Cong emphasized that all the archeological research on the Stone Age and the Bronze Age had revealed that Xinjiang was already a link in East-West communication 4,000 years ago and even earlier. People from different cultures came to Xinjiang, met and lived together, mixing plants and materials. Different types of archeological cultures that developed later also remain close connections to the present day. "These cultural fruits on one hand enrich the diversity of ancient Chinese culture, and on the other hand set the foundation and background for Han ethnic entering into the Western Regions and realizing one family merge of 56 ethnic groups in China," Cong said.

Increasing communication and exchanges between Xinjiang and the Yellow River area from the Xia, Shang and Zhou dynasties to the Qin Dynasty

Cong further contended that ancient Chinese civilization reached prosperity through development in the Xia, Shang and Zhou dynasties. The concept of one nation came into being and was consolidated in the Qin Dynasty, and its influence gradually spread to the Western Regions and remote areas.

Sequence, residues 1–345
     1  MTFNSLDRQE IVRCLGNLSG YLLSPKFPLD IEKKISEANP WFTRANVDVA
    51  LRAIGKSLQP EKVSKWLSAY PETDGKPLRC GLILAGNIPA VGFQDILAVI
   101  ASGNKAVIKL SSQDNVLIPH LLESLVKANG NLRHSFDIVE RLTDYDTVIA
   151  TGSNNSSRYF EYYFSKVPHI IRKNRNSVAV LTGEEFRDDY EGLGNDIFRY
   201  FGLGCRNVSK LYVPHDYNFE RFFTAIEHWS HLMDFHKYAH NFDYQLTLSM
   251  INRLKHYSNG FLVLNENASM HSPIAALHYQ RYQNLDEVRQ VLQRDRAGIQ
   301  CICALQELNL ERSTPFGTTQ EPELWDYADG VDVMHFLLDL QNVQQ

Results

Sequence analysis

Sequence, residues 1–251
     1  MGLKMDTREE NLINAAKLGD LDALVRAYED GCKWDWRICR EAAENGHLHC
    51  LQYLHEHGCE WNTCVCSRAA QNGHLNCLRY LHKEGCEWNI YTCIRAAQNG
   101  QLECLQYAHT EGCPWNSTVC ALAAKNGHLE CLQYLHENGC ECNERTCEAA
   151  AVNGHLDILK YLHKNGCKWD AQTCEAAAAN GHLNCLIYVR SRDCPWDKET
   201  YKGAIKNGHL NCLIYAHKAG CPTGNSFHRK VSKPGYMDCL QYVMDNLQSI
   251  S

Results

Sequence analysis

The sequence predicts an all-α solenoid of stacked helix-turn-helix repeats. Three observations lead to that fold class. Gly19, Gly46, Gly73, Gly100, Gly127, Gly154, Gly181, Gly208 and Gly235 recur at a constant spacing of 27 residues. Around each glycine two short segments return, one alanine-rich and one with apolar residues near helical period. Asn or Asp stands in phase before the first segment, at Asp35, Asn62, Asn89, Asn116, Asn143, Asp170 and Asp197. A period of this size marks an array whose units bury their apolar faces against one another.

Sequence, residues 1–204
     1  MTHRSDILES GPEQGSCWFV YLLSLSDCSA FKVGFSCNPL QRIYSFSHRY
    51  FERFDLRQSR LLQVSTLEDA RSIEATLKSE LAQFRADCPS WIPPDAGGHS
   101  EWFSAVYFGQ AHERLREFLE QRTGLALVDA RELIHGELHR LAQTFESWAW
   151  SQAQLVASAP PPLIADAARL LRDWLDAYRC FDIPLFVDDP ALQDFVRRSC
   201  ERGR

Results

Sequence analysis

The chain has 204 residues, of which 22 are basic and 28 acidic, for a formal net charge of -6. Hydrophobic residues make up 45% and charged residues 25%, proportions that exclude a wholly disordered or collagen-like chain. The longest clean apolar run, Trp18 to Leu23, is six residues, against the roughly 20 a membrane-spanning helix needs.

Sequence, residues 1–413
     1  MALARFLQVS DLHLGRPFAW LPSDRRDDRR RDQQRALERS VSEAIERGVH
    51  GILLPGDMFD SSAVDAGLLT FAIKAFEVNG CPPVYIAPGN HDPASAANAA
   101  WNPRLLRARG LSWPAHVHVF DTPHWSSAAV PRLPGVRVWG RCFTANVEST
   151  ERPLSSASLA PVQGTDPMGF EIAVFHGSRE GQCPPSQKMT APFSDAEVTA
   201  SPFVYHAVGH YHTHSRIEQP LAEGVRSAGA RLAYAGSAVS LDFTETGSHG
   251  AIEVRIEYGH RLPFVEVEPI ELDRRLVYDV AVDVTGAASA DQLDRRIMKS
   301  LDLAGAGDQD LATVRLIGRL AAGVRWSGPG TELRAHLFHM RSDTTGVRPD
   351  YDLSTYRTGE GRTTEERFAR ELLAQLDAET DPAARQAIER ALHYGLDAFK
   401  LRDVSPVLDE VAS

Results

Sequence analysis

"In Xinjiang, some important archeological findings can also evidence the growing cultural communication, interaction and influence," Cong said.

The influence of the Siba Culture (4000 B. C.) in the western part of the Hexi Corridor may be seen at archaeological sites in the northern Tianshan Mountains of Hami City, Xinjiang Uygur Autonomous Region. In terms of pottery shapes and decorative patterns and colors on pottery ornaments, a very strong connection may be found between the cultures developed in the Tianshan area and the Siba Culture. The Yanbulake Culture (3300 B. C.-2500 B.C.) in Hami that was developed later also shows this active, persistent influence from the western region of the Hexi Corridor.

Scholars of painted pottery believe that the main influence came from the Yellow River region based on analyses of the dates and characteristics of the emergence of painted pottery in the Xinjiang region. This influence may also be seen in the painted pottery excavated from Hami City and the regions westward, including several sites or tombs in the Turpan Basin and around the Tarim Basin. Although the painted patterns of pottery from western Xinjiang also showed connections and interactions with cultures in central Asia, the connections appeared earlier with remarkable features in types in eastern Xinjiang, which received more profound influence from the Hexi Corridor and even the upstream Yellow River. The painted pottery excavated from the sites around the Tarim Basin, which showed features brought by exchanges with eastern Xinjiang, also displayed its own characteristics and a closer connection with eastern cultures of Xinjiang.